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Why was the European Super League's launch so bad?

European Super League, Manchester United
(Image credit: PA)

Barely two days have passed since the announcement of the European Super League, and the project is already in tatters.

Founding members are fleeing – but that may well be the least of the problems for these 12 clubs' owners.

Players spoke out against it. Managers spoke out against it. Fan opposition groups formed. The British government announced a review into football governance. 

Catching people by surprise should have made it easier to push this through; you can't try it twice.

If they don't pull it off now, the prospect of a future Super League is laughable, and UEFA and FIFA have been hardened against offering 'elite' clubs concessions in future negotiations around their own competitions. After all, what are they going to do? Make their own league?

All of the Premier League clubs have pulled out, but the consequences are only beginning. One of the architects of the deal, Manchester United executive vice-chairman Ed Woodward, has announced his resignation. It could barely have gone worse.

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The 48 hours or so between rumours first appearing on Sunday afternoon to Chelsea pulling out on Tuesday evening was a perfect example in how not to launch a controversial project.

And it's hard to understand why it went so badly. Yes, it's an appalling idea and yes, it was done for the wrong reasons – but it's not hard to see how it could have gone better.

After all, these are 12 of the biggest clubs in the world, with both eyewateringly rich financial backers, and enormous and fanatical fanbases. In some cases, they've managed to cultivate online armies in support of dodgy governments on the other side of the world. Can they really not sell the idea of Liverpool playing Barcelona twice a year?

Here's seven questions about the shambolic launch:

Why did they launch in the middle of the night in Europe?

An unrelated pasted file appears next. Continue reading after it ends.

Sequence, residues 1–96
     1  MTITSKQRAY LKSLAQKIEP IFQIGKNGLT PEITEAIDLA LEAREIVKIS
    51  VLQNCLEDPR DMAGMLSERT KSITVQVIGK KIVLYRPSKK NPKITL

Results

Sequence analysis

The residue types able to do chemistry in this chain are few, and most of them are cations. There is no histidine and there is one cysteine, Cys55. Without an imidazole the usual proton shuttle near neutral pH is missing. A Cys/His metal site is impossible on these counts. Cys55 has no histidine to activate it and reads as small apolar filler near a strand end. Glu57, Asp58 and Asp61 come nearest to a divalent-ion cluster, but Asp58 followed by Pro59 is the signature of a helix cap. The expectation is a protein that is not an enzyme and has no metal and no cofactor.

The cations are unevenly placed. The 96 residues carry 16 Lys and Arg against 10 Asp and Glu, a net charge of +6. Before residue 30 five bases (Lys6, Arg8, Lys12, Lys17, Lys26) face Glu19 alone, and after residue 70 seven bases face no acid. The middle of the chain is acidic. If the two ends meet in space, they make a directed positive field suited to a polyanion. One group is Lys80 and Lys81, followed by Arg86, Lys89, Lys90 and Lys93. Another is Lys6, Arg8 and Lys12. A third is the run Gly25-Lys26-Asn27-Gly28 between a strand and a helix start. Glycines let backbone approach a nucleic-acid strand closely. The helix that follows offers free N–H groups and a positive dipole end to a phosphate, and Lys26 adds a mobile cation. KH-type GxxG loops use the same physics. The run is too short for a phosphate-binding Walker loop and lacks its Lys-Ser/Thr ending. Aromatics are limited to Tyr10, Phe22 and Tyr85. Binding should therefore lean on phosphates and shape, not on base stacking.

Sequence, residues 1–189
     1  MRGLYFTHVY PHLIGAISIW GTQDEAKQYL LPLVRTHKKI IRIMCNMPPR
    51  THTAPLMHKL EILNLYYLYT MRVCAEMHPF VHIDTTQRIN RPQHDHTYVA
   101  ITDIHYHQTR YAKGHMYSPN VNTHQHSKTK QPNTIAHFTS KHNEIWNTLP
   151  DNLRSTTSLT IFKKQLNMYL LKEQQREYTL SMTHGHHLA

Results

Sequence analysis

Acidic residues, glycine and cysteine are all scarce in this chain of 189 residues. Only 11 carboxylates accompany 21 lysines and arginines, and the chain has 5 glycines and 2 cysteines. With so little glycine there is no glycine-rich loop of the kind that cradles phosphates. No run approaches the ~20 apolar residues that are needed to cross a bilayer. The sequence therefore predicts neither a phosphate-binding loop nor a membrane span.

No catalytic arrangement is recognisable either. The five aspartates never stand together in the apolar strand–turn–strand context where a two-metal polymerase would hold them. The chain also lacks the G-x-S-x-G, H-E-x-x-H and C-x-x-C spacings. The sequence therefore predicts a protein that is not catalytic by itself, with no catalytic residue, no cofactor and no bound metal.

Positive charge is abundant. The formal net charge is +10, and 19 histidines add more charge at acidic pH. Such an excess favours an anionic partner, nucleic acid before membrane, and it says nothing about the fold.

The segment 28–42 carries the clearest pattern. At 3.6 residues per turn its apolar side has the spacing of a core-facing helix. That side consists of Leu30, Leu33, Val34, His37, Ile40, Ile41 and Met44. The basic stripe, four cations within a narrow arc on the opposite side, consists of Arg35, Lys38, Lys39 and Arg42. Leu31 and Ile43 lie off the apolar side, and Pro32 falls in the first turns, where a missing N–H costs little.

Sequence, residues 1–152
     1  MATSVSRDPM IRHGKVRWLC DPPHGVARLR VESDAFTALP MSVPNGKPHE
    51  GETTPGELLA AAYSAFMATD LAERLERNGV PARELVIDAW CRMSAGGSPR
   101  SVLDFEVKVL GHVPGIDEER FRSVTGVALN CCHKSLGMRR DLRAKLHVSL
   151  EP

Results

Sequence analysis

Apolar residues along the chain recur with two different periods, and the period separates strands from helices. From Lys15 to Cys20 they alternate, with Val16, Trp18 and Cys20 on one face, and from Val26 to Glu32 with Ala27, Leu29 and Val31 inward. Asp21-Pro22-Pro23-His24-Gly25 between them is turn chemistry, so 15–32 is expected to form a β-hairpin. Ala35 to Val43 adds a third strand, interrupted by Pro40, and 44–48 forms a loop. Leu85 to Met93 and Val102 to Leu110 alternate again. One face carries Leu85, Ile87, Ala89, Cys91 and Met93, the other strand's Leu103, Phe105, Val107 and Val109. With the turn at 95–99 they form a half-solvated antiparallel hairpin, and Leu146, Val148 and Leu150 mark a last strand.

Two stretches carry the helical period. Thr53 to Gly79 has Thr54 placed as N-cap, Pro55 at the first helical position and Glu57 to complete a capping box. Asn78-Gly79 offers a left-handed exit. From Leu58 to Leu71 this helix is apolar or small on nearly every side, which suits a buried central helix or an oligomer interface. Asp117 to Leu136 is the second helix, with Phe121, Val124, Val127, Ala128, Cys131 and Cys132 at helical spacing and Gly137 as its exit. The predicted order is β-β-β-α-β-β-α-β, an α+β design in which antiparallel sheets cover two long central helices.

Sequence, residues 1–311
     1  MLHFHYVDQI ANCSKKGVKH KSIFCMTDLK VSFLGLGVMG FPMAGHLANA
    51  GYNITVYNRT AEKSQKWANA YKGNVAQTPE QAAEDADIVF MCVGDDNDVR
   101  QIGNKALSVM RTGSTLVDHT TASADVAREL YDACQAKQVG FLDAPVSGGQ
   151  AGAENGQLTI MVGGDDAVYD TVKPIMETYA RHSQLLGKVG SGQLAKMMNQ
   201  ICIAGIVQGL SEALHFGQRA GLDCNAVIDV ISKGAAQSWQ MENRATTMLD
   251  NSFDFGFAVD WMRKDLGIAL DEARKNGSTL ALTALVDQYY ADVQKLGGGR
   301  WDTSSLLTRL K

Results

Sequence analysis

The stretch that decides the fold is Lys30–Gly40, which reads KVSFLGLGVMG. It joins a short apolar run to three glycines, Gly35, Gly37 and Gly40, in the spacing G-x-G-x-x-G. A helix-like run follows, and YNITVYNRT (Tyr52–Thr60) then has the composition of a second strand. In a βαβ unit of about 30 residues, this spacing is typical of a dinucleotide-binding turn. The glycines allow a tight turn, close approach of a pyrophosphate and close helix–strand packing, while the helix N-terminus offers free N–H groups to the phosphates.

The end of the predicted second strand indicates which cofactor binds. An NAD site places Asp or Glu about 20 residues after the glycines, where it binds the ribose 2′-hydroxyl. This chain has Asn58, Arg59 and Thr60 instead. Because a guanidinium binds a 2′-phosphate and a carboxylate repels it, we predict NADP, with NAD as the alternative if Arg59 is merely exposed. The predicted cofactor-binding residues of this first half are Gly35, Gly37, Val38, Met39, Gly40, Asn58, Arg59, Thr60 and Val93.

The announcement was expected at 9.30pm UK time, but didn't come through until around 11.30 – past midnight in Italy and Spain.

After a day of rumours, fans wanted clarity. What this did was immediately set a tone for supporters in these clubs' home countries: this isn't about you, and it doesn't matter if you miss the biggest news in your team's history.

What was the story?

Essentially: why did they launch the Super League? Obviously, we know the real reason: these clubs thought they could get more out of Champions League reforms, and when that wasn't forthcoming, came to the conclusion that the biggest money-spinner was a breakaway.

But there was no rival narrative to this, no big moment that felt like a trigger. There were some half-hearted noises about COVID, but all that really prompted was questions about why, after a season in which many of these club's managers had complained about a congested schedule, they were signing up for more games?

With a lack of information, people were left to make their own assumptions, unchallenged.

How was this going to help smaller clubs?

The launch claimed "solidarity payments in excess of €10 billion" to support European football to fund a new model of financial sustainability. 

This could have been a surprising ace in the pack for making the Super League's argument: yes, this is all about money, but football is in a crisis deepened by the pandemic, and we have a solution that will prevent future casualties like Bury. You may not think it's perfect, but the current system isn't working.